Renaissance BioScience Corp., has made public the publication of a milestone paper related to lager yeast development in the February 2021 issue of Applied and Environmental Microbiology (Volume 87, Issue 3).
‘Industrially Applicable De Novo Lager Yeast Hybrids with a Unique Genome Architecture: Creation and Characterisation’, by Turgeon et al, describes how the Renaissance research team came up with an avant-garde approach in developing novel non-GMO lager yeast strains that are immediately pertinent for lager beer production, and which will assist in broadening the diversity of commercial lager beer strains for both larger global beer producers as well as smaller craft breweries.
For hundreds of years, lager beer has been prepared by utilizing strains from two related lager yeast varieties: Group I and Group II. Although these groups are genetically distinct, they generate very similar taste and fragrance profiles, and hence play a part in the lack of diversity in commercial lager beer. Till now, approaches focussed at developing new lager yeast have generated strains that have unwanted brewing characteristics that make them commercially unviable. This new approach overcomes the issue and paves way for the development of new lager strains that are directly appropriate for lager production. The paper puts forward that yeast developed using this novel technique be categorized as a third class of lager strains (Group III).
Dr. John Husnik, CEO of Renaissance BioScience stated- “This Renaissance achievement is one of the most pragmatic innovations in lager yeast strain development. Our paper explains how this advance was developed and, significantly, describes the ability to create several different novel lager yeast strains, and also to fine-tune and improve many current proprietary strains utilized by beer producers around the globe. This yeast technology is ready to start commercial usage and applications. Congratulations to our team on this thrilling advancement. We’re about to step into a whole new environment of lager beer innovation.”
Zachari Turgeon, principal scientist and the paper’s lead author informed- “Our expert research and development team has created an extraordinary and highly stringent way to develop lager strains that has enormous potential to diversify flavour profiles and ameliorate the industrial efficacy of beer making. Furthermore, the Renaissance platform approach could be unified with our patented hydrogen sulfide-preventing technology to alleviate or even eradicate the off-aroma hydrogen sulfide, a common issue for lager beer makers everywhere, and this offers patent protection for any lager yeast innovations created with our technology. We anticipate to do further discussions with beer producers and master brewers about our paper and the Renaissance approach to yeast strain enhancements.”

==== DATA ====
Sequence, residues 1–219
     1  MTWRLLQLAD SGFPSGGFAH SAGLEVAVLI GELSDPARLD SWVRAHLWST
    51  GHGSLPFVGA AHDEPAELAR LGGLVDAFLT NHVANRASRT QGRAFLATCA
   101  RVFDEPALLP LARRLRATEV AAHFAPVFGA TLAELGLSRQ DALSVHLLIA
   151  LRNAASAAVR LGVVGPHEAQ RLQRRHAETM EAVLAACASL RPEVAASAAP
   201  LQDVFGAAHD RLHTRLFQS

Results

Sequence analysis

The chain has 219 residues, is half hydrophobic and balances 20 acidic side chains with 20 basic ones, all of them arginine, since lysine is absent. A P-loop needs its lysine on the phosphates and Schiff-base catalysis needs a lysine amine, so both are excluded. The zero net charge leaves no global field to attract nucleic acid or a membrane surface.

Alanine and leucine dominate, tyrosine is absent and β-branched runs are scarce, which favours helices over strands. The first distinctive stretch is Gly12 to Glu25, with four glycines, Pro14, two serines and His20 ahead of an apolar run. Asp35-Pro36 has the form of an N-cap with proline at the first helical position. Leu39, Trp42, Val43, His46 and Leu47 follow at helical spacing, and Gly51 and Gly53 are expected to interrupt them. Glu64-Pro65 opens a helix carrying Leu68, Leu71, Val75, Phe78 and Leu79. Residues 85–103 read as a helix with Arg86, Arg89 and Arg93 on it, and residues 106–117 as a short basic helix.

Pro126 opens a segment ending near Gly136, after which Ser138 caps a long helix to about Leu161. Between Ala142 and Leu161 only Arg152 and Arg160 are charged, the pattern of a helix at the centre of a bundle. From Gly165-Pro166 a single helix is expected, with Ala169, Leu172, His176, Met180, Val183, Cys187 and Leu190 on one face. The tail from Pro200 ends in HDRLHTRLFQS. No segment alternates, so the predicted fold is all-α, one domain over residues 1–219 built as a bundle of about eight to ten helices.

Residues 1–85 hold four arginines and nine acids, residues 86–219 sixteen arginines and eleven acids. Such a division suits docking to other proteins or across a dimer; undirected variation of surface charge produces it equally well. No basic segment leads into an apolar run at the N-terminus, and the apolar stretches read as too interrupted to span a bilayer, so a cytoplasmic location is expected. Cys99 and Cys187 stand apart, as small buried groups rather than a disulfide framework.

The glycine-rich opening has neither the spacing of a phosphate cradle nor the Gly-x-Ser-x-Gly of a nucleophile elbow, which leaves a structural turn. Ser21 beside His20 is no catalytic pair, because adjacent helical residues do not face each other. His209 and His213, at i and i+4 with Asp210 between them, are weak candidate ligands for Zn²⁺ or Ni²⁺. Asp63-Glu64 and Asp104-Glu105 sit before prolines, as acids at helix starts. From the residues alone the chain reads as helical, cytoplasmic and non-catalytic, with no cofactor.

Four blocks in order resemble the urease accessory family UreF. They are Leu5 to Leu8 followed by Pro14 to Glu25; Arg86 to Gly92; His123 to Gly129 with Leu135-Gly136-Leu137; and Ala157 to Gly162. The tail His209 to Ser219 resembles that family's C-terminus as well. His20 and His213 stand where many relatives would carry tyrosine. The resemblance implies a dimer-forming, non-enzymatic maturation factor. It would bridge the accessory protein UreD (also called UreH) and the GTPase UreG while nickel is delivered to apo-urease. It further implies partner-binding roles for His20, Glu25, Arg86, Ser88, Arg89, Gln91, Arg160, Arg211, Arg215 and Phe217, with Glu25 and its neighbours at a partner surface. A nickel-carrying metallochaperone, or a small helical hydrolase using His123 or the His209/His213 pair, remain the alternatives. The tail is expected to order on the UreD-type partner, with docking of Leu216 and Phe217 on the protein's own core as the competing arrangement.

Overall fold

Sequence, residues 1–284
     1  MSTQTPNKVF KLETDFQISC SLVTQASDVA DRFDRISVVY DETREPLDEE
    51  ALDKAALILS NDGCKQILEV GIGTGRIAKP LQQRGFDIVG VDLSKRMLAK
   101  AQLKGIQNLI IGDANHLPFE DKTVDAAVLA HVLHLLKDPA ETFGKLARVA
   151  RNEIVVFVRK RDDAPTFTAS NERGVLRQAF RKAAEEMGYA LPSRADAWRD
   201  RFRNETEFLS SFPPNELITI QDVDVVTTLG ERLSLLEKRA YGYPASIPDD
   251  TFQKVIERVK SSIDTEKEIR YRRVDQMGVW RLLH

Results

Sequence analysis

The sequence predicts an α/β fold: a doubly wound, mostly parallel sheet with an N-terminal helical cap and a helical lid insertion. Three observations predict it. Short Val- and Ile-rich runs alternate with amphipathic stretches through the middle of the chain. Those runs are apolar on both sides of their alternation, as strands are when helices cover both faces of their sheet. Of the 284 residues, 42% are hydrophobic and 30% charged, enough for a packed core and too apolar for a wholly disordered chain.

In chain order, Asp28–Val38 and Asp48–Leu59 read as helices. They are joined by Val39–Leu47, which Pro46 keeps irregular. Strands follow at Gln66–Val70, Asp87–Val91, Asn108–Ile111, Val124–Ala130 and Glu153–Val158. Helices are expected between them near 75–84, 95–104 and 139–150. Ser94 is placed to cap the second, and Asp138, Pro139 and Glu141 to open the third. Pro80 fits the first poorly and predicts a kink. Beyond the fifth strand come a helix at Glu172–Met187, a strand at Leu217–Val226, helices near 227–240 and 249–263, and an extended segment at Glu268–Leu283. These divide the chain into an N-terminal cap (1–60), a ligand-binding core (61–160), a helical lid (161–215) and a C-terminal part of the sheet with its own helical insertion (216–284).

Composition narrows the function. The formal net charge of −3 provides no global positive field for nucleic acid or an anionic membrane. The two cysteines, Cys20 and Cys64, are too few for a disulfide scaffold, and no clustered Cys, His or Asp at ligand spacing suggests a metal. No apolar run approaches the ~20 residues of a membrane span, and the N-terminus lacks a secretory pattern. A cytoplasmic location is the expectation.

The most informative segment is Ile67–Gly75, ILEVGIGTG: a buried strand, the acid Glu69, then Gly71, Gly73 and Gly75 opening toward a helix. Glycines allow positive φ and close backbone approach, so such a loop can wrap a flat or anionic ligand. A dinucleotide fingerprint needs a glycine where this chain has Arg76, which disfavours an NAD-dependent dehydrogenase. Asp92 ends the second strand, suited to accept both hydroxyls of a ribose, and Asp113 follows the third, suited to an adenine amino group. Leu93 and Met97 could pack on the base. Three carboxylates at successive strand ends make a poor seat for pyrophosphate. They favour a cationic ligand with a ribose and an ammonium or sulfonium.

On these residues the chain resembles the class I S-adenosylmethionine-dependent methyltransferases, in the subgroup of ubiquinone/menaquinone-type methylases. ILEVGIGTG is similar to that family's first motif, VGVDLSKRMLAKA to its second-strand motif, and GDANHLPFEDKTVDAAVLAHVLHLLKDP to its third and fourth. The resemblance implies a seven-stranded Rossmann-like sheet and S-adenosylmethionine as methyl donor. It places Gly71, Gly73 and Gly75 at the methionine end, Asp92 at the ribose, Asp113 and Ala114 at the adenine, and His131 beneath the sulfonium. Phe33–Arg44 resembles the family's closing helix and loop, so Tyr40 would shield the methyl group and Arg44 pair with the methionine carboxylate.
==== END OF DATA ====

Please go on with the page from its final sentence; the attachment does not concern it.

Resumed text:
The startegem was to breed the S. eubayanus subgenomefrom industrial lager strains and hybridize them to different ale strains, abolishing the necessity to breed undomesticated, wild S. eubayanus strains. This leads to numerous advantageous results:
– None of the negative traits related with the use of wild S. eubayanus are present.
– The genomic structure of the new strains produced is quirky in comparison to all known lager yeast — the authors suggest that these novel strains form a third group of lager yeast (Group III).
– The novel strains now have a broader temperature tolerance range thus can be used for various styles of beer, as well as for ameliorating the propagation and the manufacturing of the yeast.
– The research and development team can considerably heighten up the diversity of lager yeast by using a wide array of distinct parental strains, leading to optimization of lager yeast performance, an increment in the aroma and taste diversity of lager strains, and the removal of off-aromas.
– The development approach is completely non-GMO depending totally on yeast’s natural process of sexual reproduction.
Jessica Swanson, lead development scientist and beverage unit manager declared- “The Renaissance approach in making commercially suitable and highly valuable lager strains could also be joined with yeast advances and technologies earlier developed by other researchers to generate safe enhanced strains. Most significantly, all of these innovation probabilities will offer vital advantages to beer consumers across the globe.”